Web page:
Mindfulness and concentration meditation are among the most common, and one way you could use amethyst in meditation is to concentrate on the color of the stone and nothing else; you don’t have to do that, and there are so many different ways to meditate that this is really only one of dozens. Some use mantras or do it for religious reasons. In other words, the uses of amethyst don’t need to be tied to industrial purposes.
There are numerous types of crystal grids one might use, and amethyst is a common stone that spiritual individuals use to help meditate.
If you like to meditate or use crystal grids, then that is fine; amethyst is a favorite stone of ours, but meditation with it, again, should not be a substitute for expert medical advice.
In any case, some of the metaphysical aspects of amethyst aren’t atypical given its history. Drunkenness clouds the mind, and some still believe that amethyst can help clear the mind, help keep balance, and help keep focus. Having a centered and balanced mind is something that could appeal to almost everyone, and this is probably another reason why amethyst has endured.
Amethyst is also used for crystal decor. Many people love to place crystal clusters, towers, or just plain tumbled stones by house plants.
Really, one could say that it is a blend of good conditions that has led to the success of one of the most beloved stones of all time.
Since amethyst is a popular gemstone, synthetic production for it isn’t at all surprising. However, the term “synthetically created” is usually considered undesirable by collectors, spiritual or otherwise (though it does have a practical purpose).
Thus, most people who buy amethyst prefer the natural kind. But where is amethyst mined? Historically, India, Austria, South Korea, Sri Lanka, and Russia were popular sources. However, since then, American sources have shown a reliable supply, and so has been Zambia. If you see a high-grade amethyst stone, however, there is a great chance it came from Russia.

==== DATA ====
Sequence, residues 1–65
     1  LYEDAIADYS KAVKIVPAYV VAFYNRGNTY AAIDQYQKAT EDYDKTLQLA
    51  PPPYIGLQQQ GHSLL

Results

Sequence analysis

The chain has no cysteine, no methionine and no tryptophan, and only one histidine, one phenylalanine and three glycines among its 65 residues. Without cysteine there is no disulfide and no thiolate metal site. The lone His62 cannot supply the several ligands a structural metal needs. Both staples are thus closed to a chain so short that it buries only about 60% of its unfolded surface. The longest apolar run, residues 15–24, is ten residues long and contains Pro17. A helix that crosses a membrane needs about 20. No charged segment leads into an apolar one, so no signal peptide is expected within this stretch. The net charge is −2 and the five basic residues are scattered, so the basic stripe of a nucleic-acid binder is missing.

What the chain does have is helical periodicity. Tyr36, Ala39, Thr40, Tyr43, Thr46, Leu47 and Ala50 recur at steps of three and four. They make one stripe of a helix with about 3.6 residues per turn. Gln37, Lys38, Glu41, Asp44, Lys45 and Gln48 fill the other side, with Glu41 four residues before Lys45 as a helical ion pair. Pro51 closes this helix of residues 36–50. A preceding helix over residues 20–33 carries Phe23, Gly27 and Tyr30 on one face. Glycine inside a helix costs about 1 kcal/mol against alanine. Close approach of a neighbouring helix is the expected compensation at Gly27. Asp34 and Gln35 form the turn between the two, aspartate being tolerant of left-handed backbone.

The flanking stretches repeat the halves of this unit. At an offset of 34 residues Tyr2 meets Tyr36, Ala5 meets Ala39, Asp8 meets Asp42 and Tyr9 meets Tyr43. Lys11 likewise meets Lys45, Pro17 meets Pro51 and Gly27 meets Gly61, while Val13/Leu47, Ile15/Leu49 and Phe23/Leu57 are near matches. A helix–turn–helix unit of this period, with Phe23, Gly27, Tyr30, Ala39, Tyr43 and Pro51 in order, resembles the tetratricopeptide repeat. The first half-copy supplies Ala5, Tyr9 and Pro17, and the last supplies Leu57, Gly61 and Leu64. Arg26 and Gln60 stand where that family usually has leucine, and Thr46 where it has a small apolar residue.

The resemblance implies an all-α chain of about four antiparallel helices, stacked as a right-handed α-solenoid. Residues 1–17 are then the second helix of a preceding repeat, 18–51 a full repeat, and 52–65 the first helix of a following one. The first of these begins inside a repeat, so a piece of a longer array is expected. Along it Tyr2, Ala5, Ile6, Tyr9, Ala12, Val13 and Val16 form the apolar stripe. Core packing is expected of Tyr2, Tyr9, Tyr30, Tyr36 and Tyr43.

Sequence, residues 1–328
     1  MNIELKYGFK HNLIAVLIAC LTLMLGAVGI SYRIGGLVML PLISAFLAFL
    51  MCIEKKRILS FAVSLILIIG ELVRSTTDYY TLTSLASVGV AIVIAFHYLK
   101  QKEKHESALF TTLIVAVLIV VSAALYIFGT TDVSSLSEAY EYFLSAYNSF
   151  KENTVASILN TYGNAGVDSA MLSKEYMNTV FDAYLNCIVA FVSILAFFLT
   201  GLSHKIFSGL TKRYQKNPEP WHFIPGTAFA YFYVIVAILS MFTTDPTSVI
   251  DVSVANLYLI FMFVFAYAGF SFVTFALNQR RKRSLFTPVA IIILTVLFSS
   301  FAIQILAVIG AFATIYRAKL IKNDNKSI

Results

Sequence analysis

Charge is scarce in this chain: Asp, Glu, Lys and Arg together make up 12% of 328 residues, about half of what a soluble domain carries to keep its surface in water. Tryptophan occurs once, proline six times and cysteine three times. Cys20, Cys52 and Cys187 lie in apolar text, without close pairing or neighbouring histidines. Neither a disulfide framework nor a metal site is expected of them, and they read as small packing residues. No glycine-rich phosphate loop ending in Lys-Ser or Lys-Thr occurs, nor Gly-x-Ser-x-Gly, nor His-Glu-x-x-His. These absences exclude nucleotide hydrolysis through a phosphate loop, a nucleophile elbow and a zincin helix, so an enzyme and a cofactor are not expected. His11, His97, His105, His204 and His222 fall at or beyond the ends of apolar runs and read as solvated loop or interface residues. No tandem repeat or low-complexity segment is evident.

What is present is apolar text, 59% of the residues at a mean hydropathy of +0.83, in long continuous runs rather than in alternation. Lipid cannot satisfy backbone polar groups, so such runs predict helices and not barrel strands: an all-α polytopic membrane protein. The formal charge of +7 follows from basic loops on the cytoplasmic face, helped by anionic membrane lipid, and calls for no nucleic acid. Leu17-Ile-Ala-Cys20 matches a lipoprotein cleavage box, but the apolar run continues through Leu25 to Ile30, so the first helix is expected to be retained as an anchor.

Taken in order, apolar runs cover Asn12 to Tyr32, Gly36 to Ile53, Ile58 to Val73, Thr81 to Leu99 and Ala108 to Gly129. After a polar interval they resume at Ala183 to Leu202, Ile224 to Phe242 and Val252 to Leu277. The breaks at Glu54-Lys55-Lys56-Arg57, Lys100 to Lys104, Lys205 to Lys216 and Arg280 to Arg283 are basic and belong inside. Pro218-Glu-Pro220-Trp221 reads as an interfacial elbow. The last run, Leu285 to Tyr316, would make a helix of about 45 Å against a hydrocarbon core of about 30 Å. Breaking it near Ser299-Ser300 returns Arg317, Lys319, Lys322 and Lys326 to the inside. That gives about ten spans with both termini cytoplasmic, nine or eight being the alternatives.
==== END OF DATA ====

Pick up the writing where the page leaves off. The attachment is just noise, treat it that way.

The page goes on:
However, the largest known amethyst geode was found in Uruguay and has been appropriately named the "Empress of Uruguay," standing at almost 11 feet tall, or over 3m. (https://www.daviddouglas.com/blog-post/the-empress-of-uruguay-is-a-majestic-11-foot-tall-25-ton-example-of-februarys-birthstone)
There is no doubt that amethyst is one of the most popular stones of all time. The color purple itself is a common choice among those who favor a more royal touch. As such, it is fitting that amethyst was a beloved gemstone for the rich in the distant, distant past.
When it comes to practical purposes, amethyst doesn’t have much use outside of jewelry. But that is completely fine, as it makes for a wonderful stone in rings and necklaces.
Many also use amethyst for spiritual purposes, others like to use it in crystal grids. No matter what you prefer, it’s quite obvious that amethyst is a stone that collectors love.
Personally, amethyst is a favorite over here, too. It’s hard to go wrong with a stone that’s common, affordable, and pretty all at the same time. Not every stone needs to be some glittering behemoth. It’s easy to find beauty in everything. Thank you for reading!